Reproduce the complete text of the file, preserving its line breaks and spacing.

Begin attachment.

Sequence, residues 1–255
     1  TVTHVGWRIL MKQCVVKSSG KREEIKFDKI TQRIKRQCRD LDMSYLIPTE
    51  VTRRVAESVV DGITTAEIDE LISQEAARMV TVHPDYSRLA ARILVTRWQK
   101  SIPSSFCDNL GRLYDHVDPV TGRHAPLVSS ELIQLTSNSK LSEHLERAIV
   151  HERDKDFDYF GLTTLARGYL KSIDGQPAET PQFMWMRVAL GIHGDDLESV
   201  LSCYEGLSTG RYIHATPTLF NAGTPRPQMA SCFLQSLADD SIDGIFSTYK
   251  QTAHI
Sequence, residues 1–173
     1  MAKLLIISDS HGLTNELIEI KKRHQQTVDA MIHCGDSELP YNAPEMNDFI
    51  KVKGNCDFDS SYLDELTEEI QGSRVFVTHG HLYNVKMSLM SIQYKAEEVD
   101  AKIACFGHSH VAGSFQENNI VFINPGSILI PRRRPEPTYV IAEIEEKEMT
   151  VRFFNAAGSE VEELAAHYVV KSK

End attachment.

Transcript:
Sequence, residues 1–255
     1  TVTHVGWRIL MKQCVVKSSG KREEIKFDKI TQRIKRQCRD LDMSYLIPTE
    51  VTRRVAESVV DGITTAEIDE LISQEAARMV TVHPDYSRLA ARILVTRWQK
   101  SIPSSFCDNL GRLYDHVDPV TGRHAPLVSS ELIQLTSNSK LSEHLERAIV
   151  HERDKDFDYF GLTTLARGYL KSIDGQPAET PQFMWMRVAL GIHGDDLESV
   201  LSCYEGLSTG RYIHATPTLF NAGTPRPQMA SCFLQSLADD SIDGIFSTYK
   251  QTAHI
Sequence, residues 1–173
     1  MAKLLIISDS HGLTNELIEI KKRHQQTVDA MIHCGDSELP YNAPEMNDFI
    51  KVKGNCDFDS SYLDELTEEI QGSRVFVTHG HLYNVKMSLM SIQYKAEEVD
   101  AKIACFGHSH VAGSFQENNI VFINPGSILI PRRRPEPTYV IAEIEEKEMT
   151  VRFFNAAGSE VEELAAHYVV KSK